Based on the success of the technical assistance grants for CDFI certification awarded earlier this year, the NCUA has announced additional grants for up to 60 credit unions.
 
The webinar is from 3 to 4 p.m. (ET) and designed to answer questions about this round of funding from the NCUA, as well as the benefits of CDFI certification and an overview of the application process.
 
The federation's Pablo DeFilippi, vice president of membership and business development, and Terry Ratigan, senior consultant, will be joined by:
  • Debra Hickman, director of organizational development, CALCOE FCU, Yakima, Wash., with $23 million in assets. She is responsible for compliance, vendor management, project management, training and strategic planning.
     
  • Ikenna Nwankpa, financial analyst and grant administrator, NCUA's Office of Small Credit Union Initiatives. He supports credit unions that primarily serve low-income communities throughout the United States, including assistance on applications for funding through NCUA's Community Development Revolving Loan Fund.
Topics covered will include what the NCUA looks for in a successful application, as well as how CDFI credit unions can serve as a viable business model for community development. There will also be a Q-and-A with all four speakers after the presentation.
 
Use the resource links for more information.

Pro athletes' CU gets preliminary nod from NCUA

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ALEXANDRIA, Va. (5/27/14)--The National Credit Union Administration has given preliminary approval for a field of membership (FOM) for a proposed credit union to serve amateur and professional athletes.
 
Players Choice FCU would have a multiple common bond including a number of organizations focused on professional and amateur sports. Entities that have been approved for the proposed credit union's membership include both associations and businesses.
 
Stacy Fielder August, a lead sponsor of the proposed credit union, said the idea to charter came from her experience as the spouse of a professional athlete. August was married to retired baseball player Cecil Fielder and is the mother of current Texas Rangers player Prince Fielder.
 
"Many professional athletes do not manage their newfound wealth with an eye toward their financial needs after their sports careers are over," she said.  "As a result, far too many former professional athletes face major financial hardships within a few years of leaving their teams."
 
Cecil Fielder retired after 13 years of playing professional baseball with estimated career earnings of approximately $47 million. In 2004, The Detroit News reported that the money was gone and the family faced foreclosures, lawsuits and liens.
 
Prince Fielder signed a nine-year, $214 million contract in 2012, the fourth largest contract in Major League Baseball history, and August said she hopes her son can avoid his father's pitfalls. In 2012, she told MLive.com that she chose to found a credit union after many years of trying to found a bank, mainly because of a credit union's not-for-profit nature.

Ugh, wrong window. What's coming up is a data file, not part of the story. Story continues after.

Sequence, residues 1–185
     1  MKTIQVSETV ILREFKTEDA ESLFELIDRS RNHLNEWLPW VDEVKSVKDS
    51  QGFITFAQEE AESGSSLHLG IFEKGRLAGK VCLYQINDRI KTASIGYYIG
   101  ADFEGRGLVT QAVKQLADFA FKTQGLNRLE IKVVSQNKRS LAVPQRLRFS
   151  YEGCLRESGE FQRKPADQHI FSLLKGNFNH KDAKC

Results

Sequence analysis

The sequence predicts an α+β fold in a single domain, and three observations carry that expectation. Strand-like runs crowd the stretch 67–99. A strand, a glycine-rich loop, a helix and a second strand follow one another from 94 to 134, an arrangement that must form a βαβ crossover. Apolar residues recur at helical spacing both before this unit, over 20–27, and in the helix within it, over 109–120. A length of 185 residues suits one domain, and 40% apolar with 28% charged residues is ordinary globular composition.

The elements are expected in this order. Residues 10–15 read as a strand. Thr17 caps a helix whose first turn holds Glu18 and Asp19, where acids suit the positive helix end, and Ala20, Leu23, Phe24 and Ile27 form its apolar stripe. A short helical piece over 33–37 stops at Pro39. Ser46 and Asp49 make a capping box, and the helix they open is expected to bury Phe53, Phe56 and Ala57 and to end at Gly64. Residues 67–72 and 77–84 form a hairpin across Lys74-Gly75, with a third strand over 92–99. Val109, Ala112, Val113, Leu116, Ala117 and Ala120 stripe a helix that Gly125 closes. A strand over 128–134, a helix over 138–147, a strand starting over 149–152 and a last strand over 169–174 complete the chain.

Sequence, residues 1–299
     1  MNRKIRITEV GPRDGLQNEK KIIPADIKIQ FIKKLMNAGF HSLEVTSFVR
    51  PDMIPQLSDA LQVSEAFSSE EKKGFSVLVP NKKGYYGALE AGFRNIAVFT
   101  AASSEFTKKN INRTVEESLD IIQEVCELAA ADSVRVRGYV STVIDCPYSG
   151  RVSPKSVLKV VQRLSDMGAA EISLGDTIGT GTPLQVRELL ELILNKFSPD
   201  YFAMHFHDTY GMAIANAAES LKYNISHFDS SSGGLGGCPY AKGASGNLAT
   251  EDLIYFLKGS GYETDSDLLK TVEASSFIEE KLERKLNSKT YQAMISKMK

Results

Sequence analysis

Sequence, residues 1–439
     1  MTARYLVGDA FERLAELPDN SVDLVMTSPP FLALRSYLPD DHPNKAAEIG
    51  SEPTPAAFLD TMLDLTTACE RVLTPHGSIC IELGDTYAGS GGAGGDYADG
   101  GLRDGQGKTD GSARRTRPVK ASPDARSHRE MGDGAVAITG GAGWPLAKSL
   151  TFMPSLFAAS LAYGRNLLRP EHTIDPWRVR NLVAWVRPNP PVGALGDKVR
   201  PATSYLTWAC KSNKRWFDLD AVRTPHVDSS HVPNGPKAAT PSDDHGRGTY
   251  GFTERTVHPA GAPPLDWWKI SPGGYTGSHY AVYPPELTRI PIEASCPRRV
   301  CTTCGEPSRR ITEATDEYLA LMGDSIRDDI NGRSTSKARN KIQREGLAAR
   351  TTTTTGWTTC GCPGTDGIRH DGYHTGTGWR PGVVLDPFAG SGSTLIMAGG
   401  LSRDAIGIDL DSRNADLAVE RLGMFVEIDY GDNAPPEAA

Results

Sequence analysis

"A credit union is an ownership cooperative so it just made more sense--people helping people," she said. "They really enforce education."
 
It is anticipated that Players Choice FCU will be based in the Houston area.  The plan for the new credit union is to offer electronic services allowing it to serve members throughout the country, according to organizers. The group hopes to complete the charter application by year-end. 
 
As a result of the FOM approval by the NCUA, discussions will begin as various sports organizations will explore adding their staffs and team members to the proposed credit union's membership base.
 
August said she hopes the new credit union will be able to attract both active and retired professional athletes.

Life Line CU closes, Virginia CU assumes shares

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ALEXANDRIA, Va. (5/27/14)--The Virginia State Corporation Commission closed Life Line CU, a $7.4 million-asset credit union in Richmond, Va., and appointed the National Credit Union Administration Board as receiver to act as liquidating agent.
 
North Chesterfield, Va.-based Virginia CU, with $2.5 billion in assets, assumed all member shares.
 
The commission decided to close Life Line and discontinue its operations after determining the credit union was insolvent and had no reasonable prospect for restoring viable operations.
 
At the time of liquidation and subsequent assumption by Virginia CU, Life Line was a federally insured, state-chartered credit union that served 2,076 members and had assets of $7.9 million, according to its most recent call report.
 
Chartered in 1969, Life Line served employees of the Bon-Secours Richmond Health System and Central Virginia Health Network.
 
Life Line CU members will now become members of Virginia CU and should experience no interruption in deposit services. Members' accounts remain insured by the National Credit Union Share Insurance Fund up to $250,000.
 
NCUA's Asset Management and Assistance Center will take charge of Life Line's assets and loans and will correspond with individuals who have loans with the credit union.
 
Life Line CU is the fifth federally insured credit union liquidation in 2014.